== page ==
2. A tool for installing a self-drilling blind rivet or an ordinary blind rivet having an upsetting pin, said tool comprising:
an outer mantle,
an inner sleeve disposed coaxially within said mantle and rotatable relative thereto, said sleeve being attachable at a location at one end of said mantle to a rotatable driving axle of a rotary-output electric hand tool,
a nozzle connected coaxially to the opposite end of said mantle for rotation therewith, the nozzle having a hole for slidably receiving a rivet with its upsetting pin, and the nozzle being adapted to rotate a rivet received in the nozzle,
a drawing device disposed coaxially within the inner sleeve, said drawing device including two conical drawing chucks for clamping engagement with a rivet pin,
a sleeve-like drawing member surrounding and engageable with the chucks, said drawing member having external threads at one end engaged with complementary internal threads on the inner sleeve, the other end of said drawing member being non-cylindrical and fitted into a complementary cavity in said mantle for axial sliding movement relative to the cavity, the arrangement and cooperation of the chucks, drawing member, inner sleeve and outer mantle being such that axial movement of the drawing member towards said one end of said mantle when effected by rotation of the inner sleeve in a first direction forces the chucks to clamp against a rivet pin whereby the rivet pin moves axially with the drawing member and such that rotation of the inner sleeve in an opposite direction results in rotation of the drawing device, said mantle and the nozzle so that a rivet received in the nozzle rotates.
This is a continuation of application Ser. No. 06/893,242, filed Aug. 5, 1986 which was abandoned upon the filing hereof.
This invention relates to a tool intended to be used for drawing of blind rivets provided with upsetting pins but which can also be used for drilling and screw driving. The invention also relates to a self-drilling blind rivet intended to be used in the tool of the invention. The tool of the invention can be used for riveting of conventional pop rivets but is preferably intended for use with a self-drilling blind rivet of pop rivet type, the rivet being inserted with its upsetting pin into the tool, a rivet hole being drilled and riveting being carried out by drawing off the upsetting pin of the rivet, tearing off this and drawing out the remaining pin from the upset attached rivet. All these operations can be carried out by a tool of the invention in one sequence without any change of tool.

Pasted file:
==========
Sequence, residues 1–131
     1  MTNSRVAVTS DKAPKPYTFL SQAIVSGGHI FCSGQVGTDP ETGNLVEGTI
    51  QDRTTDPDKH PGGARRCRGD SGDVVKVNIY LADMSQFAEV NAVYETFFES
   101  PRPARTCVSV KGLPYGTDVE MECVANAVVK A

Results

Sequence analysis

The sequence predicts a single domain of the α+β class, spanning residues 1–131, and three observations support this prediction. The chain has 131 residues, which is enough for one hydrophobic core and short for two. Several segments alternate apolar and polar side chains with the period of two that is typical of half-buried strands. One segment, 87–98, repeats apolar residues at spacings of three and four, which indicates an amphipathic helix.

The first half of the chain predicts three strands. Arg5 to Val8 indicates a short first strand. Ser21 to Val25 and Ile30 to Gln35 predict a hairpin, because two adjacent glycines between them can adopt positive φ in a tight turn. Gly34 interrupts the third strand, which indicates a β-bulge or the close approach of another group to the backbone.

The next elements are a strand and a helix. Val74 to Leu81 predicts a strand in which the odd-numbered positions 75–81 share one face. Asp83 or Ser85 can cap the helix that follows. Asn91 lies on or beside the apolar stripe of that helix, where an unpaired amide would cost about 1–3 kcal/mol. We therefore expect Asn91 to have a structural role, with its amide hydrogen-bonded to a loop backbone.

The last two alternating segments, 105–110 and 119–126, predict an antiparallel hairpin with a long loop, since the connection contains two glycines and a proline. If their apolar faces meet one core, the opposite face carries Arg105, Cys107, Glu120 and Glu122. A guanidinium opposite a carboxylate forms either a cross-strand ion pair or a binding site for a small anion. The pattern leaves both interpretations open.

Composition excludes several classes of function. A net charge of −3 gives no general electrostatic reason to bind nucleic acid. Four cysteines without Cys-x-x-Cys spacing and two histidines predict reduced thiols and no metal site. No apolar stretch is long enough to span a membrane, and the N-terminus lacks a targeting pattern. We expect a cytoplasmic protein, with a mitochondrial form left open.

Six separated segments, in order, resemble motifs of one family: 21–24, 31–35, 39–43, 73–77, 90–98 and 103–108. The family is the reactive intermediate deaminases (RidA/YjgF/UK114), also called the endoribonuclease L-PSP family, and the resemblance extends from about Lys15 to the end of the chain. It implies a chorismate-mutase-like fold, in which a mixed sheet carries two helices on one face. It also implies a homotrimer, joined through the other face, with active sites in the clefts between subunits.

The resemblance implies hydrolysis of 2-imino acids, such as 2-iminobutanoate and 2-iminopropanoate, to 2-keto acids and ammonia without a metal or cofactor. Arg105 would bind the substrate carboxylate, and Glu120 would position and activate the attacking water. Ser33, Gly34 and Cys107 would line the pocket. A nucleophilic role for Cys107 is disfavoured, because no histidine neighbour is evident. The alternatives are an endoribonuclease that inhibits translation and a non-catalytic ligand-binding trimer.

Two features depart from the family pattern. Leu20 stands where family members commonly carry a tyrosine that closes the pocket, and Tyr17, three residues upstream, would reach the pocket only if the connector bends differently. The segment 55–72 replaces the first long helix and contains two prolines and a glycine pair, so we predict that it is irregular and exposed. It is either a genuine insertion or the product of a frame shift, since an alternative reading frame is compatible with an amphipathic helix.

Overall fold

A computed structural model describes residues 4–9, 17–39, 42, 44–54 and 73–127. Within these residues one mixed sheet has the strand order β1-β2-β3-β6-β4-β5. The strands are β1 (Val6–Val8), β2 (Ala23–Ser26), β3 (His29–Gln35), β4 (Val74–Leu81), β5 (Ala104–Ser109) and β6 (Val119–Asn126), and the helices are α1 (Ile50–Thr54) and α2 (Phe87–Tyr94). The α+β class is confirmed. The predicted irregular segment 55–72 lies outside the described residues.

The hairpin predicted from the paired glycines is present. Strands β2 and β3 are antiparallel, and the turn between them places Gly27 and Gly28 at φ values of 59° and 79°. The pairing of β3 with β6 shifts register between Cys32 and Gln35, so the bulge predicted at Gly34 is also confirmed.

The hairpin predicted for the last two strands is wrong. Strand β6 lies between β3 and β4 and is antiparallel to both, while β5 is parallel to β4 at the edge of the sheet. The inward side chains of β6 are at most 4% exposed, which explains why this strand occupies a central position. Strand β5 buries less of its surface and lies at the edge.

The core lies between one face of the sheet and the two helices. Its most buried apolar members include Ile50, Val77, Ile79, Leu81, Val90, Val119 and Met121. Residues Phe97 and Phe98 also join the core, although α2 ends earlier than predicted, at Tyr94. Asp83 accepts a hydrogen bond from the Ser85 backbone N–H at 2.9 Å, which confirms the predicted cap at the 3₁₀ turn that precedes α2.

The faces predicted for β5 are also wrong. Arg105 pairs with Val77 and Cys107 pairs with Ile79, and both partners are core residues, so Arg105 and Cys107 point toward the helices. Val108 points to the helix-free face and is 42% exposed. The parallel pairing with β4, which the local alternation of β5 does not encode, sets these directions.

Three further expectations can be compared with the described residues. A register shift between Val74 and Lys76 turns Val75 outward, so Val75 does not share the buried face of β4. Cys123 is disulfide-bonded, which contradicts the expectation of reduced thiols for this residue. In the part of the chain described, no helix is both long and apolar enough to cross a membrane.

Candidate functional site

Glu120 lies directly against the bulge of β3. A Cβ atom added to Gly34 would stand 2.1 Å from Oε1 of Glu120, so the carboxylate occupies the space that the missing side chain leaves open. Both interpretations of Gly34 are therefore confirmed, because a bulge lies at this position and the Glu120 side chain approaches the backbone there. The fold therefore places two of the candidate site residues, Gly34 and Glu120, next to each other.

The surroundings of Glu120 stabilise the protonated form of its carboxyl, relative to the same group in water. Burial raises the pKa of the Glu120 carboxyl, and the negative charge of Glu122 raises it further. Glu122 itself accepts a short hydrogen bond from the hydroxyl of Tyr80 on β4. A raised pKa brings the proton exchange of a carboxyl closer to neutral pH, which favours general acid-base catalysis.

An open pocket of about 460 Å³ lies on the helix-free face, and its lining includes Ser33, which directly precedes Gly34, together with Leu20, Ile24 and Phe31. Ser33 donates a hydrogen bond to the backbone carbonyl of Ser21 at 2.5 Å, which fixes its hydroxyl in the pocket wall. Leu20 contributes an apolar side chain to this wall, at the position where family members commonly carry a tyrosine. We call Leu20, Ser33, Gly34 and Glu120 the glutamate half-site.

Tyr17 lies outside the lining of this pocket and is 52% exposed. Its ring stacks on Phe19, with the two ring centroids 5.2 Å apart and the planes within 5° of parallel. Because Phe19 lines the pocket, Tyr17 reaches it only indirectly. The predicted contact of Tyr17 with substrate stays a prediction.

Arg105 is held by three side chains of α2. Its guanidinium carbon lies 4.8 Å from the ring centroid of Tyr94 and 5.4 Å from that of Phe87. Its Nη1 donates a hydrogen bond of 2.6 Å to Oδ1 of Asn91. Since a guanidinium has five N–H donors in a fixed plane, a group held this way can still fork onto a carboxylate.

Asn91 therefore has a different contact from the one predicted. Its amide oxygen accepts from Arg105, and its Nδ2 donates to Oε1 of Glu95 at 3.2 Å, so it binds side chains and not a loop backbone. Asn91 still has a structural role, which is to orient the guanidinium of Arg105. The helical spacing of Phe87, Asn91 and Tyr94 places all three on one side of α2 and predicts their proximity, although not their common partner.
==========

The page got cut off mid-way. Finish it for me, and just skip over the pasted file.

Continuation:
When riveting by means of so-called pop rivets a hole is first drilled by means of a drilling machine in the workpiece after which the tool is changed and riveting is carried out with hand tongs or possibly hydraulically or pneumatically operated riveting machines. This work will be time-consuming, as drilling must first be carried out by means of a machine, and tools must then be changed to carry out riveting either by hand power or heavy and complicated riveting tools.
It is therefore the object of this invention to provide a small, light and handy tool in which self-drilling rivets can be used and so that riveting, tearing off and extraction of the rivet pin can be carried out using the same tool. Another object of the invention has been to form the tool so that it is also easy to adapt a drill to the tool and so that the tool can be used for drilling and, moreover, screw driving. A further object of the invention has been to provide a self-drilling blind rivet which is cheap in manufacture and, moreover, can also be formed with an air-tight sleeve.
The invention is now described in greater detail in the form of an illustrative example shown in the drawings where
FIG. 1 is a longitudinal section of a tool embodied according to the invention,
FIG. 2 is a lateral view, partly in section, of a first variant of the rivet according to the invention,
FIG. 3 is a lateral view of the rivet in FIG. 2 as seen from the left in FIG. 2,
FIG. 4 shows the drill point seen from the point end, i.e. from above in FIG. 3,
FIG. 5 shows the end section of the upsetting pin in FIG. 2 without drill point,
FIG. 6 is a section B--B of the end portion in FIG. 5,
FIG. 7 is a lateral view, partly in section, of another variant of a blind rivet according to the invention in an air-tight variant,
FIG. 8 is a lateral view of the blind rivet in FIG. 7 as seen from the left therein,
FIG. 9 is a view according to the arrows A--A in FIG. 7 showing the collar portion of the rivet sleeve,
FIG. 10 shows a portion C--C according to the arrows in FIG. 7 showing the end portion of the rivet sleeve with the drill bit removed,
FIG. 11 is a lateral view, partly in section, of a third variant of a blind rivet according to the invention,
FIG. 12 is also a lateral view, partly in section, of the blind rivet according to FIG. 11 as seen from the left,
FIG. 13 is a lateral view, partly in section of a fourth variant of the blind rivet according to the invention and formed with an air-tight rivet sleeve, and
FIG. 14 is a lateral view, partly in section, of the blind rivet according to FIG. 13 as seen from the left.